Review by Plfern -- The Warramunga's War by Greg Kater

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Plfern
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Latest Review: The Warramunga's War by Greg Kater

Review by Plfern -- The Warramunga's War by Greg Kater

Post by Plfern » 29 Aug 2018, 18:53

[Following is a volunteer review of "The Warramunga's War" by Greg Kater.]
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4 out of 4 stars
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The Warramunga's War, written by Greg Kater, is a historical fiction which was inspired by his father's experience during the war in the Middle East. The fictional characters even interact with actual historical figures and real life events.

Lieutenant James Munro and Corporal Jack O'Brien were part of the army that was fighting the pro-Nazi Vichy French in Syria and Lebanon in 1941. They were both Australian-born, but Jacko was half Warramunga. Later, they were both reassigned to Cairo as part of the MI6 team. Their job was to quietly track down and round up German spies who were secretly transmitting information to Rommel, the German general known as the Desert Fox. Besides searching for German spies, they were also helping the local police try to find a rapist/murderer who had killed six women and left their bodies in abandoned buildings. Were they successful in either of these missions?

After the war was over, Jamie and Jacko worked three years for Allied Intelligence in New Guinea and parts of Southeast Asia. After this, they were sent to Australia to hunt down two German spies who had posed as American engineers and disappeared from sight, slipping away from the MI6 team. And so started another hellish adventure of tracking down dangerous fugitives. Would it ever end?

I found this book refreshing in that there wasn't all the blood and gore that is usually found in war stories. Even though, there was never a dull moment. It felt like I was there experiencing the action right beside the others. The author used many minor characters giving them each a unique personality. Their interactions with the main characters were captivating. I enjoyed the use of the Australian slang, all new words to me, which Google helped me to understand fair dinkum (meaning to proclaim a fact or truth). Besides the Australian slang, there were also French words, German words, and the Aborigine's language of Tok Pisin that were sporadically thrown in at just the right moments.

The story flowed together well. The author cleaned up all of the loose ends by the end of the story. However, I could feel the hint of another story coming on. Since I really enjoyed the first book in this trilogy, I hope to be able to read the next two books as well. I recommend The Warramunga's War to anyone who likes to read war stories or adventure stories. There was a tiny bit of romance included which added a little intrigue to the story. The author kept it clean, so there were no sexually explicit scenes. The only thing I was disappointed with though, was that Jamie's personality was rather dull. His character could have been developed a bit more.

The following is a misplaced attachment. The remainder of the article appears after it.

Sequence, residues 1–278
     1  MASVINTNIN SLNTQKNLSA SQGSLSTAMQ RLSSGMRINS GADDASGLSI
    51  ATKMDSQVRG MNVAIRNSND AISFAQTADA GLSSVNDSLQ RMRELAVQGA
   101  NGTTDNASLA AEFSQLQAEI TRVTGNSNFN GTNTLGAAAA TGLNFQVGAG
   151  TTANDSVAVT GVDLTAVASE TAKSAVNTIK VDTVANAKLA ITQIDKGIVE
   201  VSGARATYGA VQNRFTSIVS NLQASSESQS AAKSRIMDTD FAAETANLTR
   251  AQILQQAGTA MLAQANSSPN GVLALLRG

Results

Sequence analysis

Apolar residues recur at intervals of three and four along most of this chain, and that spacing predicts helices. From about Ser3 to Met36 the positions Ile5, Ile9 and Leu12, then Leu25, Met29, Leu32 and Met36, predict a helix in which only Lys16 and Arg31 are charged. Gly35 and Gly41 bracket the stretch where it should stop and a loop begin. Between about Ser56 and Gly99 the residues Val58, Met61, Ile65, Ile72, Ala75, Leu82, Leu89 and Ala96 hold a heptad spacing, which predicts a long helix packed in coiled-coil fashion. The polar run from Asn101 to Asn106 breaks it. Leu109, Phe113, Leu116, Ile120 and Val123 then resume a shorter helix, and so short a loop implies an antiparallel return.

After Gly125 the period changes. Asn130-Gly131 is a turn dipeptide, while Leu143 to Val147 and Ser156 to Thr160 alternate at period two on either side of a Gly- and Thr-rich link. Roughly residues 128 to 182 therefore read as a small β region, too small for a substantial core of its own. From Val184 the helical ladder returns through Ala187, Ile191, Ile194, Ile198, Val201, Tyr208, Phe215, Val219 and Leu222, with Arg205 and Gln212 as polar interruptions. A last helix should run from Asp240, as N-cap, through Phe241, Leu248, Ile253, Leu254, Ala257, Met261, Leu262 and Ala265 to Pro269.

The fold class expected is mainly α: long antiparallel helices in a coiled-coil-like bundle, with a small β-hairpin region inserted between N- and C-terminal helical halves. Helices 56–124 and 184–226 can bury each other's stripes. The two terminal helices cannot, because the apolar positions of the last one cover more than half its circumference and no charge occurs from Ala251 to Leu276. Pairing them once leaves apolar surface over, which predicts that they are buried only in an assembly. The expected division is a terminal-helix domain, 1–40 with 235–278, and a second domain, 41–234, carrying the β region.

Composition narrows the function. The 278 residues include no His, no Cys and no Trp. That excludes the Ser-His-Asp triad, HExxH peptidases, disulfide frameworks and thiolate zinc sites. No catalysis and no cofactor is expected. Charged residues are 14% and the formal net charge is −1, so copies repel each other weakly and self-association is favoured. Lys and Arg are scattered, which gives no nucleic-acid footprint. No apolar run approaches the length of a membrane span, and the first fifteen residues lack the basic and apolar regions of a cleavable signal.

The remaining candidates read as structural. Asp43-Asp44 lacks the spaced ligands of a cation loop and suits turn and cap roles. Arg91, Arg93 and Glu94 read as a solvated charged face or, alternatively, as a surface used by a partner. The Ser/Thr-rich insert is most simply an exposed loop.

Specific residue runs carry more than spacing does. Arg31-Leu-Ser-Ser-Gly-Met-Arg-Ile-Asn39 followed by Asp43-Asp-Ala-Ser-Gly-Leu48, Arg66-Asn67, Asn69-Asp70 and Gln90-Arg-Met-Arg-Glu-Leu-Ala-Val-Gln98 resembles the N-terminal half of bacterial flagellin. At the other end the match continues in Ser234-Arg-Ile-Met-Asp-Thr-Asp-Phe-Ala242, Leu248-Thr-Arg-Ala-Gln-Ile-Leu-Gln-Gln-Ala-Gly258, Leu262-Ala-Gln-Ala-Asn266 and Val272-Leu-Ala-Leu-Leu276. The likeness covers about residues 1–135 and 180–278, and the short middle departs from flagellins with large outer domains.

Because of the difference in punctuation rules in Australia as opposed to here in America, I ignored comma placement. If it had been an American book, it would have failed Comma 101. Other than that, I only came across a few minor errors of small words being left out, such as the word "as" when saying "as well as". The spelling of a girl's name was changed partway through the book from "Fahmy" to "Fahmi", and then it went back to the original spelling again. Because of the great plot line and the author's wonderful writing skill, I rate this book, The Warramunga's War, a 4 out of 4 stars.

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FictionLover
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Post by FictionLover » 22 Sep 2018, 17:23

I found this book refreshing in that there wasn't all the blood and gore that is usually found in war stories. Even though, there was never a dull moment. It felt like I was there experiencing the action right beside the others. The author used many minor characters giving them each a unique personality. Their interactions with the main characters were captivating. I enjoyed the use of the Australian slang, all new words to me, which Google helped me to understand fair dinkum (meaning to proclaim a fact or truth). Besides the Australian slang, there were also French words, German words, and the Aborigine's language of Tok Pisin that were sporadically thrown in at just the right moments.

Because of the difference in punctuation rules in Australia as opposed to here in America, I ignored comma placement. If it had been an American book, it would have failed Comma 101.
I enjoyed this book, too. I loved his use of the various languages, but found a few things that caused me to give it a 3 out of 4.

Your comment about Comma 101 is funny. I have failed that course many times.

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Post by Manali_DC » 14 Apr 2019, 10:49

I recently read and reviewed this book too. And while I enjoyed the different locations the action took place in, I couldn't help feeling that spying in Cairo turned out to be very easy work for Jamie and Jacko. They meet glamorous belly dancers, drink tea with them at the same meeting place every day and just follow and overpower German spies-- a little too easy I thought!

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